All bookseller links are provided so you can get more information about a book. We have affiliate relationships with Barefoot Books, Amazon.com, and Tapestry Books. All revenue generated from sales through these venues is used strictly to cover website costs and minimize donation requests and fundraising campaigns.
“You cannot help someone get up a hill without getting closer to the top yourself.” More
Summary: Katy has grown up a Mennonite. She decides she wants to learn at the local public school so her father lets her enroll. She makes a few new friends but also encounters some new difficulties. She has to learn how to balance the two different worlds to make her own. This is a middle grade novel series about a Mennonite girl trying to fit into a different world.
Type of Reading: anytime reading, family reading, independent reading, middle grade reader, read aloud book
Recommended Age: read together: 6 to 10; read yourself: 9 to 13
Interest Level: 7 to 12
Age of Child: Read with a 6-year-old girl.
Young Reader Reaction: My daughter asked me to get a book we could read together, and I chose this. She enjoyed the different incidents the girl struggled with. She liked how the girl learned some lessons. She liked that the girl made new friends and made the best out of her new circumstance. She liked the book and said she felt like the girl could be a friend.
Adult Reader Reaction: I enjoyed reading Katy Lambright with her. It brought up great topics to discuss. It showed someone with morals without having the character portrayed as better then everyone else.
Pros: The story line is well presented, and it has a message that is easy to understand, but that doesn't mean that is a "simple" book. There are lots of points to talk about, and it offers a good example of a father/daughter relationship and how actions have consequences.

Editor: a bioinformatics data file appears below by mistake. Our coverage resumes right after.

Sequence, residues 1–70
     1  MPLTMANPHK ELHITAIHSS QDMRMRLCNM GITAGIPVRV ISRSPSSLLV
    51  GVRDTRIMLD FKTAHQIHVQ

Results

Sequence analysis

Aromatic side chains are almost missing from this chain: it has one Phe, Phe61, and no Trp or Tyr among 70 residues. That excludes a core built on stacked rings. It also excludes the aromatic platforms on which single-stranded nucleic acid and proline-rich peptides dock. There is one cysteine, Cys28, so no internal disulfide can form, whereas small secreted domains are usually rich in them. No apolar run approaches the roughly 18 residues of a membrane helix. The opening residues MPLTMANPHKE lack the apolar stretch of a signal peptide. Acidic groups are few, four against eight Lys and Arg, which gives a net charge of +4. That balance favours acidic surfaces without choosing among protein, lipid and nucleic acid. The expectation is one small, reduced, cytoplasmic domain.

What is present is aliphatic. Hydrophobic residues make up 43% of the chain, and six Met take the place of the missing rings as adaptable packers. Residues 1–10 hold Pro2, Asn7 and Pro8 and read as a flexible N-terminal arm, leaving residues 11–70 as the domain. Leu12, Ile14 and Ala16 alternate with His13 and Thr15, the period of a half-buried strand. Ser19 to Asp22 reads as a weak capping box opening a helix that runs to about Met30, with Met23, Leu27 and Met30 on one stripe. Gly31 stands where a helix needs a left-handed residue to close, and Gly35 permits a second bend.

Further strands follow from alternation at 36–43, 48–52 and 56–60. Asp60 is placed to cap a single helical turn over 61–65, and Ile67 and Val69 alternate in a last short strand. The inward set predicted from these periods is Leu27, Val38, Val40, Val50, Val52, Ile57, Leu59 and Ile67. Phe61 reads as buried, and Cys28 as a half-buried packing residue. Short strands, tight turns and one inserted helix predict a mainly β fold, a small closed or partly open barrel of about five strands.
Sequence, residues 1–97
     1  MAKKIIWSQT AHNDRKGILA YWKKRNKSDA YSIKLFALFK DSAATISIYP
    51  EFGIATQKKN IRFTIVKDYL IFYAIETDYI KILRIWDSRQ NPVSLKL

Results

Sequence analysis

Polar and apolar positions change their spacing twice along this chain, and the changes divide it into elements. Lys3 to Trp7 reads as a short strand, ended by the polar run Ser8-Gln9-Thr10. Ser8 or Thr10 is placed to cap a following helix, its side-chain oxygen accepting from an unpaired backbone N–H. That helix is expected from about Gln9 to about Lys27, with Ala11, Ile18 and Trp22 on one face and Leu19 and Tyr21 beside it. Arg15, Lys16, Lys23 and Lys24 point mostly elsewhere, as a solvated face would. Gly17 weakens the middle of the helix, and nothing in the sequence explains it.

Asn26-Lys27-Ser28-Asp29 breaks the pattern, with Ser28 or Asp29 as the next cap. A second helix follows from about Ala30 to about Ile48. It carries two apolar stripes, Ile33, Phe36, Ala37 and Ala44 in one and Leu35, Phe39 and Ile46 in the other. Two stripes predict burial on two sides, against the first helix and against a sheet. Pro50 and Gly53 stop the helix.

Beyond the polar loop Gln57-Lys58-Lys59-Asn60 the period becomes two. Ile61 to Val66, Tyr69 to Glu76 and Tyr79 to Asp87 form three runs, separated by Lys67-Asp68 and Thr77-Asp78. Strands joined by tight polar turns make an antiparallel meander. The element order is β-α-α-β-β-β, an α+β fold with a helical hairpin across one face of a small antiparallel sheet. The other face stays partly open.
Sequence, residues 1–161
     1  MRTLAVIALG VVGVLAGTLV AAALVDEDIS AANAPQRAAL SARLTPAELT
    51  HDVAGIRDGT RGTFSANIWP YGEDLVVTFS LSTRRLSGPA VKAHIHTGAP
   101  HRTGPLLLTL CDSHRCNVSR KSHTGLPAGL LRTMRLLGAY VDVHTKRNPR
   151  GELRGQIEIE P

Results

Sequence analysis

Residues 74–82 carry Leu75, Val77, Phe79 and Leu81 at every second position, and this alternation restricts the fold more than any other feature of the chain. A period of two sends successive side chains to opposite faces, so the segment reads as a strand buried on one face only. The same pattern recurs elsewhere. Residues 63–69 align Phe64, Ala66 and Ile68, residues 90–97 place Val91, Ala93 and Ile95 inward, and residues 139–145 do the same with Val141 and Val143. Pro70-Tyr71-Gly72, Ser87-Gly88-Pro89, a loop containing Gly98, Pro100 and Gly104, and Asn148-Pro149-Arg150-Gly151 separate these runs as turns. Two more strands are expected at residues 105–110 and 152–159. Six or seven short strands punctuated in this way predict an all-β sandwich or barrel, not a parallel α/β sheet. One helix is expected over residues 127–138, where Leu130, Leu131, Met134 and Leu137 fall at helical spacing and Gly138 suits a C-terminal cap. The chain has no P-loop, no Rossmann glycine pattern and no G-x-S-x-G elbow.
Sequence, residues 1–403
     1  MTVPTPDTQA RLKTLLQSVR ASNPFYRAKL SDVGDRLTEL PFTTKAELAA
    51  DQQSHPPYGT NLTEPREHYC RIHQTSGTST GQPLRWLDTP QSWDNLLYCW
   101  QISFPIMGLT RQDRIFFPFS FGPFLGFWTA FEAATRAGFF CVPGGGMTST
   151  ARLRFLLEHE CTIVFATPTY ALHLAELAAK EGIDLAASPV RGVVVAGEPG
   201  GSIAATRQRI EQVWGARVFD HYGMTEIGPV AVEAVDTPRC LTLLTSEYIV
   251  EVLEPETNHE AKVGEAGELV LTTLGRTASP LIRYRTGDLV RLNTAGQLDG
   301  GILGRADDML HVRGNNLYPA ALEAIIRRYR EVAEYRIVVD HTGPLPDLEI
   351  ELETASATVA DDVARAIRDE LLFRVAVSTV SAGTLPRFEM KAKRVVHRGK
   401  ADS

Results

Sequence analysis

Borrow or Buy: Borrow. This is a good book for a library but once you have read it there is no real reason to read it again.
Educational Themes: This is an excellent choice for a read aloud or independent reading. It has a number of topics that can open discussions between parents and preteens, including change, obedience, friendship, acceptance, and caring for others different than you.
Notes: A Reading Tub® volunteer submitted this review. She borrowed the book from the local library.
Literary Categories: Fiction - family, conduct of life, series book
Date(s) Reviewed: May 2010
Other Reviews: See Critics' Reviews and reader feedback at amazon.com and barnesandnoble.com. We’re interested in your review. Please enter your Name (and blog in Parenthesis), then copy/paste your post link in the URL field. With a link exchange, we both benefit because interested readers can visit you too!